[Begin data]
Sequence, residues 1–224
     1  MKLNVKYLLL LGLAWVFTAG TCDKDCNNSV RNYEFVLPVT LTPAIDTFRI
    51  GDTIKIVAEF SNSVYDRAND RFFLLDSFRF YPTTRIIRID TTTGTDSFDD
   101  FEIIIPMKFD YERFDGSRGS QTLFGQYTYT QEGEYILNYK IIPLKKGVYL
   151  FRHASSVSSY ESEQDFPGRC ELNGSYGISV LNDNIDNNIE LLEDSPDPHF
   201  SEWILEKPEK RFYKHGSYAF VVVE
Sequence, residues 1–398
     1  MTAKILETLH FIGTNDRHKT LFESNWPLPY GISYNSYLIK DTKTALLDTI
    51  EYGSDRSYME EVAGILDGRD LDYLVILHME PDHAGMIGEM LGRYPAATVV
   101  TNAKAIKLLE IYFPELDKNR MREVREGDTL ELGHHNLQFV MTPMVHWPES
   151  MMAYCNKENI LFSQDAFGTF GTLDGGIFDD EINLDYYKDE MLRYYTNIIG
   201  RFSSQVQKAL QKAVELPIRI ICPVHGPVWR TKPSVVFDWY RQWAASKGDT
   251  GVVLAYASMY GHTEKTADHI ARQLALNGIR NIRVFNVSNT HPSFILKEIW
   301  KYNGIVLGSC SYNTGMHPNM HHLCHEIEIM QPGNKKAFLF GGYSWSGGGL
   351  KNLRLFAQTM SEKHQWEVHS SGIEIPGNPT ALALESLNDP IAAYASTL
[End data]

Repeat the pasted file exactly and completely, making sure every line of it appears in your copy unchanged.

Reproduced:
Sequence, residues 1–224
     1  MKLNVKYLLL LGLAWVFTAG TCDKDCNNSV RNYEFVLPVT LTPAIDTFRI
    51  GDTIKIVAEF SNSVYDRAND RFFLLDSFRF YPTTRIIRID TTTGTDSFDD
   101  FEIIIPMKFD YERFDGSRGS QTLFGQYTYT QEGEYILNYK IIPLKKGVYL
   151  FRHASSVSSY ESEQDFPGRC ELNGSYGISV LNDNIDNNIE LLEDSPDPHF
   201  SEWILEKPEK RFYKHGSYAF VVVE
Sequence, residues 1–398
     1  MTAKILETLH FIGTNDRHKT LFESNWPLPY GISYNSYLIK DTKTALLDTI
    51  EYGSDRSYME EVAGILDGRD LDYLVILHME PDHAGMIGEM LGRYPAATVV
   101  TNAKAIKLLE IYFPELDKNR MREVREGDTL ELGHHNLQFV MTPMVHWPES
   151  MMAYCNKENI LFSQDAFGTF GTLDGGIFDD EINLDYYKDE MLRYYTNIIG
   201  RFSSQVQKAL QKAVELPIRI ICPVHGPVWR TKPSVVFDWY RQWAASKGDT
   251  GVVLAYASMY GHTEKTADHI ARQLALNGIR NIRVFNVSNT HPSFILKEIW
   301  KYNGIVLGSC SYNTGMHPNM HHLCHEIEIM QPGNKKAFLF GGYSWSGGGL
   351  KNLRLFAQTM SEKHQWEVHS SGIEIPGNPT ALALESLNDP IAAYASTL